Retirement party held for Churchill PE teacher Deb Wagner
Jan 08, 2020 01:42PM
By Heather Lawrence
Deb Wagner will retire in January after teaching PE at Churchill Jr. High for 42 years. (Heather Lawrence/City Journals)
By Heather Lawrence | [email protected]
It’s the end of an era for Churchill Jr. High’s PE department. Beloved teacher Deb Wagner is retiring in January. A retirement party for Wagner was held on Jan. 3 at 6:30 at the school. Wagner has taught PE and science classes at Churchill for 42 years.
“Wagner embodies everything I feel like teachers and education should be. She is the prime example not just in the way she teaches, but in the way she confronts life. From the fact that she’s so healthy, to that she’s so driven to make sure students understand — it’s so powerful,” said Trent Hendricks, Churchill’s principal.
Hendricks said he admires that Wagner is still pushing her students and herself to be the very best. “She’s so positive. She works hard to make sure the kids understand what healthiness is, and understand athletics,” Hendricks said.
Wagner is retiring in part to practice what she preaches. “I love to cross-country ski, and I can’t wait to do it in the sunshine instead of having to wait until I get home from work. I have horses to ride, and I just like to be outside,” Wagner said.
Wagner has loved getting to know her kids. “These kids like to play. My challenge is getting everyone to play honestly and fairly. They’re all great kids, they’re all enthusiastic. So we’re always working on being kind and playing fairly. We get that energy and channel it,” Wagner said.
When Wagner started at Churchill, she lived in Salt Lake City. But 20 years ago she moved to Park City. Since then, she’s commuted. She’s made an impact on generations of students.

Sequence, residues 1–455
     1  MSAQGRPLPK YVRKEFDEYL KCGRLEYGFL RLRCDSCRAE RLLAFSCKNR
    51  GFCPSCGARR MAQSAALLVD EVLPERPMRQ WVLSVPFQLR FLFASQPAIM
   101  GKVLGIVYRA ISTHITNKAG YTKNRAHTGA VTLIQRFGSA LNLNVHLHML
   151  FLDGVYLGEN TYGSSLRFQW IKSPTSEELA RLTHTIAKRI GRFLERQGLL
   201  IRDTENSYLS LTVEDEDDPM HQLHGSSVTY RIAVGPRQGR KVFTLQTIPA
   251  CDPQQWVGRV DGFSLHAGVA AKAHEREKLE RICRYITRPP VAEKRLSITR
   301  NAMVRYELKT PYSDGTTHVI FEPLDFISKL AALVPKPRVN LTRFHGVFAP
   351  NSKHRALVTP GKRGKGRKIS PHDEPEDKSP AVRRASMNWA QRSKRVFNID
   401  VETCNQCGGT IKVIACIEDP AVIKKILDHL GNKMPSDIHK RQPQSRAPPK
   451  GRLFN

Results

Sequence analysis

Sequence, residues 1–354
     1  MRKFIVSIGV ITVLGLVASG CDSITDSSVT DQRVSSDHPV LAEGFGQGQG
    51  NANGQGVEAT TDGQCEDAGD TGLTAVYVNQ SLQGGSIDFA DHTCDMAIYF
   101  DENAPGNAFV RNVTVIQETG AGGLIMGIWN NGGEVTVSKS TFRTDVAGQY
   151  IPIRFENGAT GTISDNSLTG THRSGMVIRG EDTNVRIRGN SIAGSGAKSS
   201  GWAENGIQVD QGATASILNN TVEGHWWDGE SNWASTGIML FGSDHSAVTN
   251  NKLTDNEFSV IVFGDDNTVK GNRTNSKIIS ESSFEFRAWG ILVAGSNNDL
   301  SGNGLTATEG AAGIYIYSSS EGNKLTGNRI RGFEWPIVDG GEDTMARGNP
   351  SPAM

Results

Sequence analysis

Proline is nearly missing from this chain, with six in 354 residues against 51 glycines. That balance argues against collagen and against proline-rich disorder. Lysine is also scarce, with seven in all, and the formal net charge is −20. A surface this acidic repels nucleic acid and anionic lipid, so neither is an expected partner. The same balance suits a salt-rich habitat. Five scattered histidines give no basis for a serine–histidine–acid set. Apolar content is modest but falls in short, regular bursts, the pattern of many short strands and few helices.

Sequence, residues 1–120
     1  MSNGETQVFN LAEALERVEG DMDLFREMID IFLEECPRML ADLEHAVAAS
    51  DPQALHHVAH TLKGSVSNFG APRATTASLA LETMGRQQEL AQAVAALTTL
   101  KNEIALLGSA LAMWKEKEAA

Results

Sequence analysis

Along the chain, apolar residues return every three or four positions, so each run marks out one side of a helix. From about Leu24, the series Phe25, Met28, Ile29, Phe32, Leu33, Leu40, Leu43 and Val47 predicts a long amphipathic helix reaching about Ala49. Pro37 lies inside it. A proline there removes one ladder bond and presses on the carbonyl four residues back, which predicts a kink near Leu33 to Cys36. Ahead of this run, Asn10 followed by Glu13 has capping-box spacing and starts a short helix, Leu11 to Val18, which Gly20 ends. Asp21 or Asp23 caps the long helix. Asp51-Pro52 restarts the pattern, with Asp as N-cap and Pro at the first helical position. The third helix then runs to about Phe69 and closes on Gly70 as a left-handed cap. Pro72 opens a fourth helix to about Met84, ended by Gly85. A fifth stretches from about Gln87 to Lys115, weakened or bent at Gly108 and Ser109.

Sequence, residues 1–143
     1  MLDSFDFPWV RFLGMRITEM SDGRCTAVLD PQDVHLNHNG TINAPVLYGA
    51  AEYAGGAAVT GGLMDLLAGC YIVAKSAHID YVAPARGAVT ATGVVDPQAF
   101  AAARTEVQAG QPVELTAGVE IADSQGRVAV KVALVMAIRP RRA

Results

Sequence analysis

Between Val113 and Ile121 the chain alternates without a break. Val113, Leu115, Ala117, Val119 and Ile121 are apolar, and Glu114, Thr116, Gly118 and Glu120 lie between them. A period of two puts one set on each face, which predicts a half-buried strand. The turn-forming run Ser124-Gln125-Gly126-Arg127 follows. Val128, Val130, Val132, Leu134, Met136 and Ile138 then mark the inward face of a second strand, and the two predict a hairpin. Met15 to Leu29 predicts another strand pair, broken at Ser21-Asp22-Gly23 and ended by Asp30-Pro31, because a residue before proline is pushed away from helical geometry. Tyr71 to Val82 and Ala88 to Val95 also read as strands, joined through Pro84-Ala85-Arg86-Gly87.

“When I got my class schedule, my mom [Kate Page] looked at it and was so excited. She said, ‘You have Mrs. Wagner! She was my teacher!’” said Churchill student Victoria.
Page remembered Wagner well. “We called her Wags, and loved to hear her talk about running and the races she was training for. She was a great example of fitness. Victoria has loved her class. I am thrilled that my daughter and I got to have the same teacher, and wish Wags a happy, well-deserved retirement. She is a legend!” Page said.
“I just found out last week that Victoria is Kate’s daughter, and that I taught her mom. It really dates me! But if this weren’t such a good school, I wouldn’t have stayed. The administration here is so encouraging,” Wagner said.
Victoria and her friend Cora took a break from playing capture the flag in PE to talk about Wagner. “I really like coming to class. I definitely feel like I’ve learned how to stay healthier from her. No matter what we’re doing, she makes it fun,” Victoria said.
Cora liked learning more about Wagner when she wrote a story about her for the school newspaper. “I like that she’s taught here for so long, and she’s still having a fun time. I feel awesome when I come to class. She’s so nice. I like using the fitness room, and I’ve learned a lot,” Cora said.
Wagner made a name for herself by starting active traditions at the school. “She started the Halloween Hustle, which is a 5K in the neighborhood around the school. People walk or run. It really promotes healthiness, and the whole community comes out,” Hendricks said.
“I’m always trying to communicate to the kids that it’s great to be young and healthy. And I want to continue having a healthy lifestyle. Taking good care of our health is the most important thing we can do. And if you lead by example, that’s the best way to lead,” Wagner said.
Hendricks hopes Wagner’s story will inspire more people to consider teaching as a career. “I want people to see what 42 years in this industry can look like. [Wagner has] stayed connected to her ‘why’ and that drives her. Working in education gives you a sense of purpose, it keeps you from being selfish,” Hendricks said.
“It’s cyclical. You care about education more, you care about your students more, and you care about yourself more. I guarantee Wagner’s model of pushing her students and modeling it herself will impact generations to come,” Hendricks said.
Wagner thought she might just slip out quietly, but now she admits she’s looking forward to the open house on Jan. 3. “Now that I’ve gotten used to it, I’m ready. I’m looking forward to connecting with people,” Wagner said.